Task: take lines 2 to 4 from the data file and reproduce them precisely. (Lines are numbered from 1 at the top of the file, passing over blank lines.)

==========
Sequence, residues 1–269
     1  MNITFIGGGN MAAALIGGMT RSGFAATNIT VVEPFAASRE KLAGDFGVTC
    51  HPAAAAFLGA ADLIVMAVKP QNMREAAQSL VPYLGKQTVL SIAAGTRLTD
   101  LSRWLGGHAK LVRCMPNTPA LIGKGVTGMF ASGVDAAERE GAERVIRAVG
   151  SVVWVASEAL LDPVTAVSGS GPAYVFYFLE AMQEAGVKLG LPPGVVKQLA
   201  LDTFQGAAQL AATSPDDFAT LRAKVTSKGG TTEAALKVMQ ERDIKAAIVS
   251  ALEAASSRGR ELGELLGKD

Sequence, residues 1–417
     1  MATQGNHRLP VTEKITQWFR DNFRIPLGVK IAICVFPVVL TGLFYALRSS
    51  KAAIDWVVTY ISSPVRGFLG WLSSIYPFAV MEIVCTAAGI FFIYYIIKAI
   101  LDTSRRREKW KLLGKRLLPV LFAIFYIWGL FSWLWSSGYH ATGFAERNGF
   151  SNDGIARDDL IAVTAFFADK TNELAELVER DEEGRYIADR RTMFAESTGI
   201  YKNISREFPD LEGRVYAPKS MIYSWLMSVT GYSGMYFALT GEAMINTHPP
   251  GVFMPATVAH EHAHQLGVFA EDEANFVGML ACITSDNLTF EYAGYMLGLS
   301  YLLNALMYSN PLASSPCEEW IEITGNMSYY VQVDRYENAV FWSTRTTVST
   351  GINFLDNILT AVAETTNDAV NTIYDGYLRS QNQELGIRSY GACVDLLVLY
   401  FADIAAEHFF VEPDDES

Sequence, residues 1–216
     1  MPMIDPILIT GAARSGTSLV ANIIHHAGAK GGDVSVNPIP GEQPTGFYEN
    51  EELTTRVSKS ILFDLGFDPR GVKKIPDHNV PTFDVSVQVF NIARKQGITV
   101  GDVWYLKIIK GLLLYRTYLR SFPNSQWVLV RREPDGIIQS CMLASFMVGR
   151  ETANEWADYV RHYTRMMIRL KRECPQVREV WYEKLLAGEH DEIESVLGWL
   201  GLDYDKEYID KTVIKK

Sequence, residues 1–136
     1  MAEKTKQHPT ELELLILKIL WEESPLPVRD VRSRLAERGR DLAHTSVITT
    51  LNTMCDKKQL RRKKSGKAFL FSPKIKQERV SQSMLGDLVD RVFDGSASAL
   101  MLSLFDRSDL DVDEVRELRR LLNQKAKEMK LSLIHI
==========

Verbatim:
     1  MNITFIGGGN MAAALIGGMT RSGFAATNIT VVEPFAASRE KLAGDFGVTC
    51  HPAAAAFLGA ADLIVMAVKP QNMREAAQSL VPYLGKQTVL SIAAGTRLTD
   101  LSRWLGGHAK LVRCMPNTPA LIGKGVTGMF ASGVDAAERE GAERVIRAVG